By Bill Wilson — In a recent press conference, Barack Obama suggested “overturning a law that was passed by a strong majority of a democratically elected Congress”, referring to the health care law, was “an unprecedented, extraordinary step”.
Even if that were true, what is not new is Obama’s latest court intimidation scheme.
For one, it’s not the first time he has brazenly lashed out at the Supreme Court. In his 2010 State of the Union Address, Obama blasted the Court after it struck down restrictions on McCain-Feingold campaign speech and expenditures as a violation of the First Amendment.
He even went so far as to mischaracterize the Court’s ruling in Citizens United with the entire nation watching, with the justices sitting right in front of him. He said, “the Supreme Court reversed a century of law to open the floodgates for special interests — including foreign corporations — to spend without limit in our elections.”
That was when Associate Justice Samuel Alito famously mouthed the words, “Not true” to Obama’s assertion.
The ruling actually had nothing to do with foreign donations to candidates, nor did it lift the federal ban on corporate donations to candidates. It affected whether third party organizations in the United States could independently spend money electioneering during campaign periods.
But that didn’t stop Obama. He simply did not like the Court’s ruling, so he falsely painted the decision as some sort of foreign coup de tat.
Of course, this is not the first time a president has lashed out at the Court.
Earlier in American history, Andrew Jackson blasted the Court’s decision in Worcester v. Georgia by supposedly saying, “John Marshall has made his decision; now let him enforce it!”
Later, Franklin D. Roosevelt infamously threatened to pack the Court with additional, compliant justices after it ruled against his Mussolini-inspired National Industrial Recovery Act. That was a law that would have nationalized the entire economy into government-sanctioned cartels.
Fortunately, the Court had overturned it in Schechter Poultry Corp. v. United States, writing, “There is a view of causation that would obliterate the distinction between what is national and what is local in the activities of commerce.”
After Roosevelt’s threat, the Court notably flipped its interpretation of the Commerce Clause, overturning precedent and issuing the exact opposite opinion just seven years later in Wickard v. Filburn. This was perhaps the most dramatic expansion of Congress’ power in American history, and it began a 70 year experiment with authoritarianism.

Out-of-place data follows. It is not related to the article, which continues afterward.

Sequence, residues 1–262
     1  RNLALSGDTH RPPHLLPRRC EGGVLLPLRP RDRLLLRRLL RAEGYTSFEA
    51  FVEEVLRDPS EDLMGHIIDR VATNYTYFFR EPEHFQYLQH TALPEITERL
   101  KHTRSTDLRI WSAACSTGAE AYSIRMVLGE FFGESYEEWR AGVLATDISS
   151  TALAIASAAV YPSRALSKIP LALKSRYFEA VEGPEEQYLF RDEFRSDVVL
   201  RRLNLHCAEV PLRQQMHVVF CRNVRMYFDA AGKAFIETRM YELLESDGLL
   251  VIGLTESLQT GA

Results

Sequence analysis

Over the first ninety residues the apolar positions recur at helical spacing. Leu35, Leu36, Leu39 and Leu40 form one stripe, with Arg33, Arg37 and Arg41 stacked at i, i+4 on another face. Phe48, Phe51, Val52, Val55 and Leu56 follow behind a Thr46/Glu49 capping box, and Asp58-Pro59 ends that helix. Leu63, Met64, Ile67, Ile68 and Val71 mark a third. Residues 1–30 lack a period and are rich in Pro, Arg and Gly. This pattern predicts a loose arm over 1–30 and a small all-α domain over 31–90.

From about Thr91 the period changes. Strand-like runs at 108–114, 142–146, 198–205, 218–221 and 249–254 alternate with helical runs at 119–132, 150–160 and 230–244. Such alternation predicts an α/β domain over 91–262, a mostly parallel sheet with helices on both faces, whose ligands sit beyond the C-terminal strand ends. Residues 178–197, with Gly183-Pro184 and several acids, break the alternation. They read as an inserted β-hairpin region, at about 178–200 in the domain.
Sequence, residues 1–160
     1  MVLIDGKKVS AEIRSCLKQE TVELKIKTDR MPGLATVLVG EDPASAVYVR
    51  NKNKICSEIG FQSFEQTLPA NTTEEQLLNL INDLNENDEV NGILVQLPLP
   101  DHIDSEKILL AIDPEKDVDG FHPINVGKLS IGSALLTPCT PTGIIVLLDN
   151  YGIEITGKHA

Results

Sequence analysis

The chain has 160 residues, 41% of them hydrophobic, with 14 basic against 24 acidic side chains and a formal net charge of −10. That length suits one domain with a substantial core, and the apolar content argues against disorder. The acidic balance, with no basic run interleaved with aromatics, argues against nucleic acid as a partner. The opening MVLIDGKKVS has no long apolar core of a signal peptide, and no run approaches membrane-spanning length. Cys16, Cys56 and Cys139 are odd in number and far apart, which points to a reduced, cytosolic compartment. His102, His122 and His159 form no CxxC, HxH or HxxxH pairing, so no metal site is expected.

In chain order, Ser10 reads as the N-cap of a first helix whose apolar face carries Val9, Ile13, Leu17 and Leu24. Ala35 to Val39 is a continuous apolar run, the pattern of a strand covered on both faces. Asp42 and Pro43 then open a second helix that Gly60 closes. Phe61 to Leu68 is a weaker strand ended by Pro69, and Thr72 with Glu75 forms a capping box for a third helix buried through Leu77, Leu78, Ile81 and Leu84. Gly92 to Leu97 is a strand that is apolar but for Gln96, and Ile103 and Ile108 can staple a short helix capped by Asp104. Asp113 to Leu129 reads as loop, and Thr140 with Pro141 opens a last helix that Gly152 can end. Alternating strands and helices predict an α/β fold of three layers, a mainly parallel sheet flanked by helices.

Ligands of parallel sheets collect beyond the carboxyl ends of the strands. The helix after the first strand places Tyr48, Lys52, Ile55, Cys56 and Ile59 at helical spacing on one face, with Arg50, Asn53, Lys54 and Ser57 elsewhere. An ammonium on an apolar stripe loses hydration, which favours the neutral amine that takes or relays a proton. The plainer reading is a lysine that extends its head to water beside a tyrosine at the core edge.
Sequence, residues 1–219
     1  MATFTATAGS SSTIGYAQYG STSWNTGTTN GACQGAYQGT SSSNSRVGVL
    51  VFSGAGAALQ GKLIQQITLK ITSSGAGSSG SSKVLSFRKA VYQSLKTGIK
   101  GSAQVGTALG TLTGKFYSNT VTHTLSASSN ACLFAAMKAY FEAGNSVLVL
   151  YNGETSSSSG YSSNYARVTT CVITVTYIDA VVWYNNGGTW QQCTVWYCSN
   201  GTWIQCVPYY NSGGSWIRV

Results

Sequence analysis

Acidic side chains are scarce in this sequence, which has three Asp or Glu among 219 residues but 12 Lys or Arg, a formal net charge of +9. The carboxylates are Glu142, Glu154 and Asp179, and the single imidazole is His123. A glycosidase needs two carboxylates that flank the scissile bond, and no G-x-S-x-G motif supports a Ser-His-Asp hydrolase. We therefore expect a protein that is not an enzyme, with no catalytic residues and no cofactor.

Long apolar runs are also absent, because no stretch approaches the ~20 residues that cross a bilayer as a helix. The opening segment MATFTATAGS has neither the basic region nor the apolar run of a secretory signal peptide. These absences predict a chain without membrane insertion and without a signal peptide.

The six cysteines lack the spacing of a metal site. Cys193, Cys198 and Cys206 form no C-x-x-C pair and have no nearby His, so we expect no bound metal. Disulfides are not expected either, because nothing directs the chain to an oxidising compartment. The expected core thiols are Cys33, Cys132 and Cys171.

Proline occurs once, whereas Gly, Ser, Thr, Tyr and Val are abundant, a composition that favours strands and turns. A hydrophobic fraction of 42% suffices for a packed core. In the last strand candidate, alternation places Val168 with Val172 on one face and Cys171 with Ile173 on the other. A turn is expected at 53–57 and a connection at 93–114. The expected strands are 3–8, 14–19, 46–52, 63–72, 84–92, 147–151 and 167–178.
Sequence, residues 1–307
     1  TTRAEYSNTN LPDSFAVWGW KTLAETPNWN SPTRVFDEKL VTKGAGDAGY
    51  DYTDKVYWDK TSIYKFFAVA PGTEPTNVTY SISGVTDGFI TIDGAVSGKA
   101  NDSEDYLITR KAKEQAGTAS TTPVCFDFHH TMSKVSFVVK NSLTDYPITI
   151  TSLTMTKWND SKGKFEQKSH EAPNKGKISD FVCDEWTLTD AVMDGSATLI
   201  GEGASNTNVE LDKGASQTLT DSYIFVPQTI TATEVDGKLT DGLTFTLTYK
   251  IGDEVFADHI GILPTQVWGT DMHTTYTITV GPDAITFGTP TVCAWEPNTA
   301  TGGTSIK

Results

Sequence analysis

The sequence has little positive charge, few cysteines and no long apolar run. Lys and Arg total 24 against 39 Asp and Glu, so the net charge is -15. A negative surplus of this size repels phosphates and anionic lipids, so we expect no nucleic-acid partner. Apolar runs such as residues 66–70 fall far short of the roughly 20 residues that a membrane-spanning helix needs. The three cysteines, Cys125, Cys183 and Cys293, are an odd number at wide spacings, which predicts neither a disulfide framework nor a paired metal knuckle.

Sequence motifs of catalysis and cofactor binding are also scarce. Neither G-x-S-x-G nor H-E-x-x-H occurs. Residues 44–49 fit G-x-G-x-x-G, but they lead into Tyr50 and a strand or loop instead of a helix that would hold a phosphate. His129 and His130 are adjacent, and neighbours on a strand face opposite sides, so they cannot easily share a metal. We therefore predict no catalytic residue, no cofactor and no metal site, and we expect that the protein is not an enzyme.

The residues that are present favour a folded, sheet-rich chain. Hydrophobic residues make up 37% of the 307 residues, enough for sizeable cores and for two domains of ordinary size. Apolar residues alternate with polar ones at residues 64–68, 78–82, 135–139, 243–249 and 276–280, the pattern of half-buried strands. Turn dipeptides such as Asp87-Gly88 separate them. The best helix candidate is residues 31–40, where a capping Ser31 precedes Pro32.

In that case, the Court finally invented the doctrine that even if commerce was not taking place among the several states — even if it was a farmer who was growing food merely for his own consumption — it could still be regulated.
In fact, the premise for Obamacare and the individual mandate rests on that proposition — that even those not engaged in commerce may be regulated. A favorable ruling by the Court on Obamacare would actually be the natural extension of that doctrine.
An unfavorable ruling, however, would actually return to the earlier precedent set forth in Schecter.
So, for Obama to get on his high horse and complain that such a decision would be “unprecedented” is just pure nonsense.
By his telling of history, where the Supreme Court would be “unprecedented” in striking down a duly enacted law, ignores the entire 209-year history of jurisprudence since Marbury v. Madison. That was when the Court famously asserted the implicit power of judicial review to strike down acts of Congress that exceeded constitutional authority, writing in the words of Chief Justice John Marshall that the Court’s role was to “say what the law is”.
Obama is supposedly a constitutional law professor? What was he even teaching? Has he read any history of the Constitution? If we take him at his word today, it would appear all he read were the Cliff’s Notes.
But let’s leave aside Obama’s seeming ignorance of what the Court’s traditional role has been in the Republic. He knows what judicial review is. The fact is, Obama had no problem when the Warren Court undid precedent — he even praised it while suggesting it did not go far enough, lamenting that the Court “could not break free from the essential constraints placed by the Founding Fathers in the Constitution.”
And now, because the Court is signaling it may be returning to some of those constraints, Obama is attempting to intimidate the Court by delegitimizing it. That is what is truly behind this intimidation. Which is what you’d expect from a thug dictator like Hugo Chavez or Robert Mugabe, not from the President of the United States. Overtly attacking the Court in such a shameless way is beneath the dignity of his high office.
It may be nothing new, but that does not make Obama’s attack on the Court any less contemptible either.
One hopes that even if he does not embrace the likely ruling against Obamacare’s constitutionality, he at least complies with it. If not, we may well have an extraordinary constitutional crisis on our hands just months before the election.
Bill Wilson is the President of Americans for Limited Government.